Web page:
We begin with the classic “Once upon a time” but continue with “there was a man named Joe who had a boring job” and we watch Joe Banks (Hanks) sulk into work at the American Panascope Corporation (home of the Rectal Probe!) where he works in the advertising library. He walks pathetically into the building alongside innumerable fellow zombies going to work at this place that looks like it would steal your life away. It’s doing exactly that as we hear Eric Burden’s version of “16 Tons” on the soundtrack “Sold my soul to the company store”. Joe pines after Dede (Meg Ryan) who works in the office as well. We find out that Joe is a hypochondriac who gets berated by his boss (Dan Hedaya) for needing to take off again for yet another doctor’s appointment. But when Joe sees the doctor (Robert Stack), he’s told he has a very rare condition known as a brain cloud, which was only discovered by Joe’s insistence on doing a barrage of tests. Joe’s given only about 6 months to live, and rather than view this as a death sentence, he’s awoken from the slumber in which he’d been living his life for so long.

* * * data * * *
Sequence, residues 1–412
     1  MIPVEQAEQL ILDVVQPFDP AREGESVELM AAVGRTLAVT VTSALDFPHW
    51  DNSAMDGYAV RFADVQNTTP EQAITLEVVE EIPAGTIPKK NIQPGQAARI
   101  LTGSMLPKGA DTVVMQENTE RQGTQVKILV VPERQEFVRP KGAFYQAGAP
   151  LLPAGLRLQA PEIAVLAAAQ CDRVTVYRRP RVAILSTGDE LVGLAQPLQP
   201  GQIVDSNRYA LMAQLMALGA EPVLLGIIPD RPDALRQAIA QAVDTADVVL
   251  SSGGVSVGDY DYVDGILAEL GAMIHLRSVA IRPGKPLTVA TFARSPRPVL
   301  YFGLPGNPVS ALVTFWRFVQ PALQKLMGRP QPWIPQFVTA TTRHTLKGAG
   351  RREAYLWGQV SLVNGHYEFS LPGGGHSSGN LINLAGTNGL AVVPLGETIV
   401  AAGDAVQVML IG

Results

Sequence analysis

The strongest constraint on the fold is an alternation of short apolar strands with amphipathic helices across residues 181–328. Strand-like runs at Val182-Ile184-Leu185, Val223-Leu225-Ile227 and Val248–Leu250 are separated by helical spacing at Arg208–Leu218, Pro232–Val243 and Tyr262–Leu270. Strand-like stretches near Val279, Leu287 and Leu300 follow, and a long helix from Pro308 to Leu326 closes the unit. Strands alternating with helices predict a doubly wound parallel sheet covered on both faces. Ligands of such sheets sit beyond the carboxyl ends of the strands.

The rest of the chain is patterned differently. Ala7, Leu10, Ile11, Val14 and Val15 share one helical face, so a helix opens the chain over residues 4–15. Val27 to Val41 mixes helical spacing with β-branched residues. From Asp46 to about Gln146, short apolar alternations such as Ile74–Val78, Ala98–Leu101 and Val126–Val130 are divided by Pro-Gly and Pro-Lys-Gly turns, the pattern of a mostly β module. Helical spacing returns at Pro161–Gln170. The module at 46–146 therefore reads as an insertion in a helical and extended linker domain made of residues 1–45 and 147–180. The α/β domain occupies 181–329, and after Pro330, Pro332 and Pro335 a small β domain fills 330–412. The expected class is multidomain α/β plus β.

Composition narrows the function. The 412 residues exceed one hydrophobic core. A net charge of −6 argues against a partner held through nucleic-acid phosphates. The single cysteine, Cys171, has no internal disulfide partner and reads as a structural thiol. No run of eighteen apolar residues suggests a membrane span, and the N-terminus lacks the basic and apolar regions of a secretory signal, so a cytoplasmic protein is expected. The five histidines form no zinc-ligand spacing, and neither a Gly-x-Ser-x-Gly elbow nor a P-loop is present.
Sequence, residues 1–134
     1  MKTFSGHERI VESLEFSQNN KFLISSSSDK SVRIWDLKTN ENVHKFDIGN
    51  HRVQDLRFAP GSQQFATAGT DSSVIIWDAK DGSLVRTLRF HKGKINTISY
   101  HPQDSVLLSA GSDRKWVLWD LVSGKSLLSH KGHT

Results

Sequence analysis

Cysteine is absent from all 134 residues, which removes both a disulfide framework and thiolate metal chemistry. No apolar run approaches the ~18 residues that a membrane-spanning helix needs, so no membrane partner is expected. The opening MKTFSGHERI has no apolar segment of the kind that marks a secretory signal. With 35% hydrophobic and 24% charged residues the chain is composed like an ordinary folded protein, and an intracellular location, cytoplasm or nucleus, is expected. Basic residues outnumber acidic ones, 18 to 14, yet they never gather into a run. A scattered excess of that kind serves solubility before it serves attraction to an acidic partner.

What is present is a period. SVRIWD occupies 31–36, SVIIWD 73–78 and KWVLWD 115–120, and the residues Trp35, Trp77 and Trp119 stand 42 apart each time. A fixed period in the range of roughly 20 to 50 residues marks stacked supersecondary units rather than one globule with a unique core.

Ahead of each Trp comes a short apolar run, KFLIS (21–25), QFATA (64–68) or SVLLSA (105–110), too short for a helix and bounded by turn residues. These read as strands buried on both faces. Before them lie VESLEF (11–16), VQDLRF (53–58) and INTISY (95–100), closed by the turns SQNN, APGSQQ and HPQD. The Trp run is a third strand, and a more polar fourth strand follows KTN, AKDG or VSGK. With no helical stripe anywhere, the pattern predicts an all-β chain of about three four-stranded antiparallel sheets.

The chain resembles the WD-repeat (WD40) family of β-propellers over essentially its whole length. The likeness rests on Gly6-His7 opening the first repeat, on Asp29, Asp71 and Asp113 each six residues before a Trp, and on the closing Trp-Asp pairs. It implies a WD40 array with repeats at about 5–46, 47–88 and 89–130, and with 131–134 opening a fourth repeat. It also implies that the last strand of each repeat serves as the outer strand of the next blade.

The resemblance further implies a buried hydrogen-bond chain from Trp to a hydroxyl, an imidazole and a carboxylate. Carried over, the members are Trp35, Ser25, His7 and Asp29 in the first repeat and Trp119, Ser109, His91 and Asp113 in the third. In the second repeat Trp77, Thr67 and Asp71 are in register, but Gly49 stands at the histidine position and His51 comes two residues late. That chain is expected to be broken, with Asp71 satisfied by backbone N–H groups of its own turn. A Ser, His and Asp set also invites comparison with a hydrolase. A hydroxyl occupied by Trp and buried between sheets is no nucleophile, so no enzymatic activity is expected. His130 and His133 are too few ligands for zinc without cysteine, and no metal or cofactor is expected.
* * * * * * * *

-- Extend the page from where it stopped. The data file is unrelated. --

Joe asks out Dede, and is later approached by a wacky billionaire named Samuel Graynamore (a wild eyed and hilarious Lloyd Bridges) who wants to hire Joe to help him out. A tiny Pacific island called Waponi Woo has a rare mineral deposit that the islanders won’t give Graynamore access to mine for his business unless he gets someone to act as human sacrifice to the fire god by jumping into the island’s volcano. Since Joe is going to die anyway, why not have him do it, right? Graynamore will give Joe a ton of money to live like a king until that fateful day. He even has one of his daughters, Angelica (also played by Meg Ryan) pick him up at the airport in LA, before his other daughter Patricia (also also played by Meg Ryan) sails Joe to the island.